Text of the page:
The magi are also guided by a dream. Like Joseph, the dream changes the course of their lives. Perhaps perplexed by Herod’s response to their quest for the holy one of Israel, their perplexity is confirmed by a dream, alerting them that Herod intends to harm the holy child. Taking the unconscious – dreams, synchronous encounters, visions – seriously as revealing of divine wisdom, they follow their collective dream. God speaks to us in many ways – conscious and unconscious – and we need to be open to God’s revelations whenever they come to us. We need to think critically and also be open-spirited to God’s revealings.

The magi “left for their country by another road.” Following God may mean changing direction or choosing a new route for our lives. Sometimes this road presents new vistas and fills us with excitement. Other times, we recognize that we will be lost if we fail to take another route or change our lives. Transformation occurs as a result of divine lure, and it also occurs through our recognition that we must change or die. The magi’s careful planning needed to be revised in light of God’s new vision presented to them.

Joseph, the father of Jesus, also has a dream. (Matthew2: 13-15) Earlier in the Christmas story, Joseph encounters an angel in a dream, urging him to embrace the pregnant Mary as his wife, despite his misgivings and concerns about the child’s paternity. Once again, Joseph dreams, and this time, the angel tells him to flee Herod’s violence. The holy family relocates in Egypt. But “relocates” is a mild word. They had to leave everything familiar, including their home, friends, and occupations, to seek security in a foreign land. Like immigrant families throughout history and our time, they depended on their own resourcefulness and the kindness of strangers. While borders were more porous and laws more flexible in the Roman Empire, nevertheless, their coming to Egypt might have been viewed as one more Jewish immigrant mouth to feed. While they likely moved to a Jewish community, finding people of their own ethnic background as today’s immigrants also do, they were no doubt looked upon as foreigners and perhaps chided as outsiders, unwelcome given the current state of affairs in Egypt.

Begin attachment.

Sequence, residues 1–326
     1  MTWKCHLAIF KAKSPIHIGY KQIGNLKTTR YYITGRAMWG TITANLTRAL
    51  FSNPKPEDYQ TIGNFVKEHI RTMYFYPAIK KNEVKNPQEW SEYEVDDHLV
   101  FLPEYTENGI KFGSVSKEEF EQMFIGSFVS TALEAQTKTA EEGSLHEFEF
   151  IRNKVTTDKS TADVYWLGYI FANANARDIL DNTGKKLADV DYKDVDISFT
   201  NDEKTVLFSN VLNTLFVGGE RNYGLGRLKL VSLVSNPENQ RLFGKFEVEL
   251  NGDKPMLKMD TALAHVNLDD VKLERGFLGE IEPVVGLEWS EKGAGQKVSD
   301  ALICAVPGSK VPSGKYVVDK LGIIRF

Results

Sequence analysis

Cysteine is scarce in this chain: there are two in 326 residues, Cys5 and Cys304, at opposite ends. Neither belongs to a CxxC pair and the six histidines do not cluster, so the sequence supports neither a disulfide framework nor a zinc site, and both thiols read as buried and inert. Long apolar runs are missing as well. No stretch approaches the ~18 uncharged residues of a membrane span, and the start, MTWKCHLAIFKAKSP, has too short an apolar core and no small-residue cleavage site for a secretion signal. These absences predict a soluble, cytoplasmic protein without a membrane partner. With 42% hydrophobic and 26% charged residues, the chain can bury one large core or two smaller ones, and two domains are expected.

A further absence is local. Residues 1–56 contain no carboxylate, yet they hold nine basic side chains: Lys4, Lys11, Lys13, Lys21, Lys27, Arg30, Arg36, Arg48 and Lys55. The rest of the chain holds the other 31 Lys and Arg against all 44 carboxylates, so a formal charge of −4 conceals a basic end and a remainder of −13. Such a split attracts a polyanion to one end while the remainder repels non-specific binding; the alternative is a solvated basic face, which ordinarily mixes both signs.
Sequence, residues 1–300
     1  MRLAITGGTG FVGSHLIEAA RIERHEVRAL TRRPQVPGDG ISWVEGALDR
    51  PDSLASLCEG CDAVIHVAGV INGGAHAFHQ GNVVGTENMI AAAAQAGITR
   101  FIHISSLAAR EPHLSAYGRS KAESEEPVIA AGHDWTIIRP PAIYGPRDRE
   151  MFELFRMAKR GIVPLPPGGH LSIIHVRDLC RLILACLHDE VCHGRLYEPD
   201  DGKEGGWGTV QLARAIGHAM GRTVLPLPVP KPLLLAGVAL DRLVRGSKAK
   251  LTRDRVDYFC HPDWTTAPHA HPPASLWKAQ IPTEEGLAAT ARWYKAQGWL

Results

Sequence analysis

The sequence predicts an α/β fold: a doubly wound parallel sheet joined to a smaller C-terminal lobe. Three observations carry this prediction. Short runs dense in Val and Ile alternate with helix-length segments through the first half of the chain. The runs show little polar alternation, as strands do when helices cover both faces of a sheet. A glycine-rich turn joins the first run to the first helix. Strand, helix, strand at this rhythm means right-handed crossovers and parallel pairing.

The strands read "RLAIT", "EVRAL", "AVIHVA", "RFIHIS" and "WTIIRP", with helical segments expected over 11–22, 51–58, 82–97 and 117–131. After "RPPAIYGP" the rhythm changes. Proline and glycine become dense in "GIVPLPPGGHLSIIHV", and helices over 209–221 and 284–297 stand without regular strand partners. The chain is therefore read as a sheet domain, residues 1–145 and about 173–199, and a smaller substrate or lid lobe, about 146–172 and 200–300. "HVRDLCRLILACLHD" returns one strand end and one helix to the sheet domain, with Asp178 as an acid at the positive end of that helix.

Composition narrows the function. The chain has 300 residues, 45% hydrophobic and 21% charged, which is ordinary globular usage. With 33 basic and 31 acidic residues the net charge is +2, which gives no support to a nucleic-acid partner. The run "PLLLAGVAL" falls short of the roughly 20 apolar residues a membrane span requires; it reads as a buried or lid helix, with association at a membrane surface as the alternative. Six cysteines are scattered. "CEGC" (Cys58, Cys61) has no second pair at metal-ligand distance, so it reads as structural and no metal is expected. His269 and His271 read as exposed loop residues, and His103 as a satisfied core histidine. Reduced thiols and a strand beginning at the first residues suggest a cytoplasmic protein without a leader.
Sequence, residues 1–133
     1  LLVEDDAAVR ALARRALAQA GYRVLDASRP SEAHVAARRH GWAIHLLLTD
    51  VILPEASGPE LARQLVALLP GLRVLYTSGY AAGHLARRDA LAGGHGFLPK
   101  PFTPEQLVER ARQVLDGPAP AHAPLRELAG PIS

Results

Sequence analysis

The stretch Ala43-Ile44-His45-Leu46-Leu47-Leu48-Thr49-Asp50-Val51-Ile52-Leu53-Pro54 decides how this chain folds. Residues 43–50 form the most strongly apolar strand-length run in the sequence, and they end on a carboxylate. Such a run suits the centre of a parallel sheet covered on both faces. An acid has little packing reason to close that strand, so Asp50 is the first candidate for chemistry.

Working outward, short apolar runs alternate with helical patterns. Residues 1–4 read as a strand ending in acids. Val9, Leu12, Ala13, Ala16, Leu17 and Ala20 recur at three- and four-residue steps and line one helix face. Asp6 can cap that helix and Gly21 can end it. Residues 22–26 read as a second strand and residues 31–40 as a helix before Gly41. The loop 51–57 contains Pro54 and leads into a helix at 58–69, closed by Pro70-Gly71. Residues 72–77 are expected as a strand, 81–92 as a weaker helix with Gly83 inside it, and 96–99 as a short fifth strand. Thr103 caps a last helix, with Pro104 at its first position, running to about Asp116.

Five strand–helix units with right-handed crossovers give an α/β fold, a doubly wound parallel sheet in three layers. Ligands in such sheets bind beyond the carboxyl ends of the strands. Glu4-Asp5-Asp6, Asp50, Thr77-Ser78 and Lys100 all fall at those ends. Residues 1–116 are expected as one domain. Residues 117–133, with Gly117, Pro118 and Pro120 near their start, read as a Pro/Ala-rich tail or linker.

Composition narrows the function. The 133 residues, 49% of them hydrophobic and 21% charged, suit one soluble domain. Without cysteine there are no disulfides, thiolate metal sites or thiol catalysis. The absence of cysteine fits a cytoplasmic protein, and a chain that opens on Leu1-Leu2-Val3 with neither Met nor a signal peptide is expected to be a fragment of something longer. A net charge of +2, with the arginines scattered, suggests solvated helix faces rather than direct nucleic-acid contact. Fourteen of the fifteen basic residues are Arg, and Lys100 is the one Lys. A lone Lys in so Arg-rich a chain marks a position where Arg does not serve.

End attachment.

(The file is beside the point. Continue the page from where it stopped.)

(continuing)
The flight of the holy family is a reminder that forced immigration – political or economic – is also part of God’s revelation to humankind. While we need to be a “nation of laws,” we should greet immigrant children as Christ-children rather than alien invaders, and we should welcome them with clothes and meals, not placards and invectives. God’s children from Central America and Afghanistan need to be treated with respect as we discern the most appropriate legal ways to deal with their presence. Law is important, but love – God’s love – always trumps law! The journey of the magi also reminds us that revelation is given to – and can come from – persons beyond our ethnic and religious boundaries. God is generous with revelation and salvation, and desires that we – like the magi – keep our eyes on the heavens, looking for stars to guide us beyond our religious comfort zones to discover and grow from our encounter with the varieties of healthy and insightful religious experience.